Career Planning

Career planning is a structured process for understanding your skills and interests, setting career goals and devising strategies to achieve them. It creates a framework that adds focus to your job search. There are short- and long-term aspects to the career planning process. The most effective career plan will include both. It’s an on-going process that can include a variety of intermediate steps.

Short-Term Career Planning

Short-term career planning focuses on a near-term timeframe. It might concentrate on an immediate job search but could have a planning horizon of a few years. Short-term planning is often driven by a financial need, a lost job, or a desire to take on new responsibilities.

Long-Term Career Planning

Long-term career planning takes a more strategic approach. It entails a much longer planning window and usually includes a broader view of needs and preparation. It tends to be driven more by a desire for self-actualization, career advancement and/or job satisfaction.

Career Planning Steps

Six Career Planning Steps

To add some structure to the career planning process and to keep things fairly simple, we’ve broken career planning into six key steps, as follows:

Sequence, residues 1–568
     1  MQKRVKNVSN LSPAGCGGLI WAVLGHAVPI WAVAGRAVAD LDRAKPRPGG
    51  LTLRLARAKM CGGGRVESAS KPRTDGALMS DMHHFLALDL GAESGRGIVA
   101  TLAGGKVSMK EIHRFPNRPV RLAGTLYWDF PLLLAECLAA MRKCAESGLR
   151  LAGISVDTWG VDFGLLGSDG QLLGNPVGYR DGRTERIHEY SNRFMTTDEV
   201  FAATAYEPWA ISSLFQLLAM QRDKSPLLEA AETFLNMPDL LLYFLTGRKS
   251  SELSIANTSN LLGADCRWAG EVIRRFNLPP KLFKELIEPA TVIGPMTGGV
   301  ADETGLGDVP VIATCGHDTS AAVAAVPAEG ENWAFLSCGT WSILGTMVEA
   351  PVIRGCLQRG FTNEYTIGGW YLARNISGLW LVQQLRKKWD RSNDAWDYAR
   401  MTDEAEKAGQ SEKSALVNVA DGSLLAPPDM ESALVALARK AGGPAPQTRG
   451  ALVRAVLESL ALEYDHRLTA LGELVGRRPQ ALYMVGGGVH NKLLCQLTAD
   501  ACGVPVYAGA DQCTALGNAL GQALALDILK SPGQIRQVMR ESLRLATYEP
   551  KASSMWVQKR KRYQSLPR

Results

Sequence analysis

Step 1: Knowing Yourself

In this context, getting to know yourself requires that you ask a lot of introspective questions. Think about your interests, values, skills, preferences and lifestyle. Are you happy with your current path? What are the key characteristics of your ideal lifestyle? How do you define your preferred work/life balance?

Take a close look at your most recent job and career path in terms of your likes and dislikes. Does your current path meet your needs? What are your strengths and weaknesses? What kind of organizational or management culture fits best with your personality? Are there things about your work experience, education/training, skills, talents and abilities that you wish were different? How would you define your dream job?

Answers to these and similar questions will help you identify your career planning starting point.

Step 2: Exploring Career Options